Review: The Dream — The Australian Ballet

The Dream, The Australian Ballet’s current instalment in its year of beauty, is a triple bill that slowly loosens and elongates until it reaches the eponymous ballet, with its familiar story ballet structure and playful but demanding technique. It’s a tribute to Frederick Ashton, and it’s a rewarding one.

We begin with Monotones II, Ashton’s  short 1965 piece that tips its hat to space travel. The costumes are white bodysuits and caps, the technique brings out in the dancers more stiff and controlled shapes, particularly in the arms, and it’s a jolt of creativity to wake you up and bring you into Ashton’s world. Set to Erik Satie’s Trois Gynopédies, it’s a soaring, curious piece, settling itself amongst the stars, conjuring our sense of wonder through carefully tumbled lifts. Performances on opening night felt slightly unfinished, ideas brought to the stage not fully fleshed out – an afterthought with a leg or an arm – but the dancers, Natsaha Kusen, Brett Simon,  and Jared  Wright, were eminently watchable.

Jared Wright, Natasha Kusen and Brett Simon in Monotones II - The Dream. photography by Daniel Boud.
Jared Wright, Natasha Kusen and Brett Simon in Monotones II – The Dream. photography by Daniel Boud.

Symphonic Variations follows, a romantic, vital piece for six, with costumes summoning something vaguely Greek, echoing an ancient classicism of movement; Robyn Hendricks, Cristiano Martino, Amber Scott, Brett Chynoweth, Christopher Rodgers-Wilson, and Ako Kondo (who is newly promoted to principal dancer) lift and carry each other, surrender to each other, rising and falling, coming together and retreating, to César Franck’s composition of the same name.

It’s a dreamy piece, so it’s only fitting that it sits between Monotones II, a dream of the future, and The Dream, the which is an experience of nothing if not the quintessential magic of dreaming. As enjoyable as the first two pieces are, the energy and performance isn’t as strong as what’s to come; these two have nothing on the main event.

Symphonic Variations.
Symphonic Variations.

Frederick Ashton is widely considered to the father of English ballet; there’s a refined conservatism to his movements, a beautiful sense of melody that is contained at the hip and in the arms. A constrained assurance in the dancers’épaulement. If athleticism and musicality before perfect control is more American, than Ashton makes a strong case for the British.

Nothing in this triple bill is unbridled, but it’s full of passion channeled through structure, an imbuement into the steps, rather than on top of it. It’s this smart, gently romantic idealisation of ballet that is the backbone of the third and final piece, The Dream.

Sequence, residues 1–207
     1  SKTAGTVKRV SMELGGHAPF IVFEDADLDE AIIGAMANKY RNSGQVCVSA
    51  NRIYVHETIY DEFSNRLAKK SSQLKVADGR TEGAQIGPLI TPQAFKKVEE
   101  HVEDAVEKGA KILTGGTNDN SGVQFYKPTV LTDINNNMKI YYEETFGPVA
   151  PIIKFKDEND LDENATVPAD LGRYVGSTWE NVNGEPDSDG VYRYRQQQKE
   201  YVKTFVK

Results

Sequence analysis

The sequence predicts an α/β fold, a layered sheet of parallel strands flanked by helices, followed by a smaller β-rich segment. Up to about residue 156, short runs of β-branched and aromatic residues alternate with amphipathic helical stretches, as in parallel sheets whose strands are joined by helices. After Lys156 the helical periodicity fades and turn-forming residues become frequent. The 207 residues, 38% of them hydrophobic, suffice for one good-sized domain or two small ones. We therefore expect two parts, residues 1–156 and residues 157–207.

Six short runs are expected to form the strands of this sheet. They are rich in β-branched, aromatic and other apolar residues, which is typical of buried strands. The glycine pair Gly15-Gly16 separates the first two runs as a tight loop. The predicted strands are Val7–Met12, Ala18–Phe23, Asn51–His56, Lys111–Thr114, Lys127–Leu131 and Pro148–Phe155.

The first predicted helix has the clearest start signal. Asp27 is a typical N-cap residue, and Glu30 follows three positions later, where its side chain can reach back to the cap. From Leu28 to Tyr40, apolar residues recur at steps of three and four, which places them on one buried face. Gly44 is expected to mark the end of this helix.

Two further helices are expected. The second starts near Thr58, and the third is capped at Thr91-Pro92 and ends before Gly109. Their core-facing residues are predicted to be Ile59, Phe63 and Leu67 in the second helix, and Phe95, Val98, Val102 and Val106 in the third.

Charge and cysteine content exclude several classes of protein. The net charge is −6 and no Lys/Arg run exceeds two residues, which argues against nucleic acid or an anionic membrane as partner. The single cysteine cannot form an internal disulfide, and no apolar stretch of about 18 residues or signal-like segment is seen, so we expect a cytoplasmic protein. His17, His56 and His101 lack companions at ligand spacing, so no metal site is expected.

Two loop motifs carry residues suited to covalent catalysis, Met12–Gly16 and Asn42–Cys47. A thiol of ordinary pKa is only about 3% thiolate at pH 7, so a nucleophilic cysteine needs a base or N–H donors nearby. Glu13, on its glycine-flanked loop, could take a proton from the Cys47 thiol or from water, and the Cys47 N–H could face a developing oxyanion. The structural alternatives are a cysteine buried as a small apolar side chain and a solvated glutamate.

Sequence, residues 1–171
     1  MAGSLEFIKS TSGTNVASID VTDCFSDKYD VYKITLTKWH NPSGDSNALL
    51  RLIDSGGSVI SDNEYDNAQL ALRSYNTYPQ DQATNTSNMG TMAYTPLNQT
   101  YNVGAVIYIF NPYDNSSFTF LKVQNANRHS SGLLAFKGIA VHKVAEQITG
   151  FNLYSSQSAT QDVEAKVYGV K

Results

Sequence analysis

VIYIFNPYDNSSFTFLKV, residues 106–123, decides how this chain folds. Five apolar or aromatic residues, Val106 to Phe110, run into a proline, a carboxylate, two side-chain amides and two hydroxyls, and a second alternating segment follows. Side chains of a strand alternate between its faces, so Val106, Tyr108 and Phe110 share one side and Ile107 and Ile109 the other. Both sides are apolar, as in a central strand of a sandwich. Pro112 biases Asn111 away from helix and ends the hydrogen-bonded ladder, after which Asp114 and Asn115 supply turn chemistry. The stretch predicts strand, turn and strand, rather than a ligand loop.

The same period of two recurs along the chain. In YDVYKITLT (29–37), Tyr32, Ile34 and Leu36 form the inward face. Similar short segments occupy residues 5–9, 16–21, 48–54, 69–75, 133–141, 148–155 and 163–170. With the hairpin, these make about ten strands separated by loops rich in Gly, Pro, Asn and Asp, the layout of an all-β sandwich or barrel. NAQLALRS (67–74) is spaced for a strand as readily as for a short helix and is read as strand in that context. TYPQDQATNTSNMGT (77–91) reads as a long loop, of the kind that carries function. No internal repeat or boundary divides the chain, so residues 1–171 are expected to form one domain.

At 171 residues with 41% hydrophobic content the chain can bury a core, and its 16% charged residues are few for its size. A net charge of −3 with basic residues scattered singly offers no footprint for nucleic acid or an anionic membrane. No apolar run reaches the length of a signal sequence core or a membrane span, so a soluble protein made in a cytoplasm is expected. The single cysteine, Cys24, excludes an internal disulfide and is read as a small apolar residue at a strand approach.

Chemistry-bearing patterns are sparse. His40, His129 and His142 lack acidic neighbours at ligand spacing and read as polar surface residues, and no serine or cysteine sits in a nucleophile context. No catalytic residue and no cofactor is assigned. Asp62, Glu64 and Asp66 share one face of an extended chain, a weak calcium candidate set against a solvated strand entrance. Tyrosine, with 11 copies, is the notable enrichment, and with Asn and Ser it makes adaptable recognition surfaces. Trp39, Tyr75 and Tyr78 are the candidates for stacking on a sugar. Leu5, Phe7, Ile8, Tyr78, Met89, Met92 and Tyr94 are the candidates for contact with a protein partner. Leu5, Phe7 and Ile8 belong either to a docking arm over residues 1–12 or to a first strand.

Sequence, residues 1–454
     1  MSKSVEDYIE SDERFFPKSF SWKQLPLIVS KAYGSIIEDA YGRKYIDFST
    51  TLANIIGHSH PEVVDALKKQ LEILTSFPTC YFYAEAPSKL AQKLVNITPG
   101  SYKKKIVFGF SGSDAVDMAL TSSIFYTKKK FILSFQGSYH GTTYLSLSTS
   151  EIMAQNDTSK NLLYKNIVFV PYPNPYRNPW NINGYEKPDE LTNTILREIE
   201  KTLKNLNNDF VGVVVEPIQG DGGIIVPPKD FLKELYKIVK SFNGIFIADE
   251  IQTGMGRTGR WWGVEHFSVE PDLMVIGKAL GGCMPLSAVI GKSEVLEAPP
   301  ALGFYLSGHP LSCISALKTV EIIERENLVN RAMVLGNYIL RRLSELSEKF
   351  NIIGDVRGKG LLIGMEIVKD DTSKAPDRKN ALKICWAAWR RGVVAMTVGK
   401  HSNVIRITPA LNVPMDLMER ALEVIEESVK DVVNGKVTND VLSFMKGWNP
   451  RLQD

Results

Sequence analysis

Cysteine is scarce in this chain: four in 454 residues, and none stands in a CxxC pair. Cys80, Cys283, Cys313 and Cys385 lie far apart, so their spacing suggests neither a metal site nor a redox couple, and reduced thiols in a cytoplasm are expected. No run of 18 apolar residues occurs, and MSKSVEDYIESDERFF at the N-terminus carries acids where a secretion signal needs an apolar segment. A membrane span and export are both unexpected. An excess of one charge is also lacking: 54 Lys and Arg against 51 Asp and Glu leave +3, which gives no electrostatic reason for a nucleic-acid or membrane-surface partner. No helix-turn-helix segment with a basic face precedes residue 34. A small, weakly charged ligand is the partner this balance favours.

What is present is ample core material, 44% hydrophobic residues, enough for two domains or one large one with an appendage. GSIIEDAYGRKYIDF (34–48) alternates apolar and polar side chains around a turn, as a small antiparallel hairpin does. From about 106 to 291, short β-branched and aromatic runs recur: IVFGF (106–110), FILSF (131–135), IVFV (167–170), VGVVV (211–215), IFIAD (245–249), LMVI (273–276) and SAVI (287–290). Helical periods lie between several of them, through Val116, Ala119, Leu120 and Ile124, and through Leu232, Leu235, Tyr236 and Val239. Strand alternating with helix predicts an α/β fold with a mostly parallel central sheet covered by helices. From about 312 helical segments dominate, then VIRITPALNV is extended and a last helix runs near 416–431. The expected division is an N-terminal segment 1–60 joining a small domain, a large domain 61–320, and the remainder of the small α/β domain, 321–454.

The Dream, an ode to Shakespeare’s A Midsummer Night’s Dream, is an English pastoral delight. The corps of fairies are a small explosion of play and joy as they clatter en pointe onstage, their mischief perfectly heralding the arrival of grand Oberon (a regal, expansive Kevin Jackson) and superior Titania (Madeleine Eastoe, tantalising and dearly missed already), the King and Queen of the fairies. Their quarreling is all fun and games until Oberon recruits Puck (the astonishingly, carelessly athletic Chengwu Guo) to meddle with the help of a magic flower’s juice.

Madeleine Eastoe and Joseph Chapman in The Dream. Photography by Daniel Boud.
Madeleine Eastoe and Joseph Chapman in The Dream. Photography by Daniel Boud.

Guo charms the unsuspecting lovers that cross his path – Helena, Hermia, Demetrius, Lysander (Natasha Kusen’s Helena and Robyn Hendricks’ Hermia are the standout here, with bright, committed acting and assured technique) – and sets their comedy of errors into motion, the crease complicating this story that focuses on the creatures of the forest they visit instead of the lovers themselves. And the madness, the lovely, too-fun madness, reaches its peak when Bottom (Joseph Chapman) and his amateur players leap, boyishly slapstick, onstage: when Bottom is transformed into an ass, and Titania awakens and is besotted with him, Chapman rises en pointe, finding a pleasing, remarkable gait, a graceful vaudeville.

This is a loving, welcome tribute to a great choreographer and an exciting bill, showcasing a range of dancers and offering a challenging mix of story and movement; what a gorgeous experience.

Cassie Tongue

Cassie is a theatre critic and arts writer in Sydney, and is the deputy editor of AussieTheatre. She has written for The Guardian, Time Out Sydney, Daily Review, and BroadwayWorld Australia. She is a voter for the Sydney Theatre Awards.

Cassie Tongue

Leave a Reply

Your email address will not be published. Required fields are marked *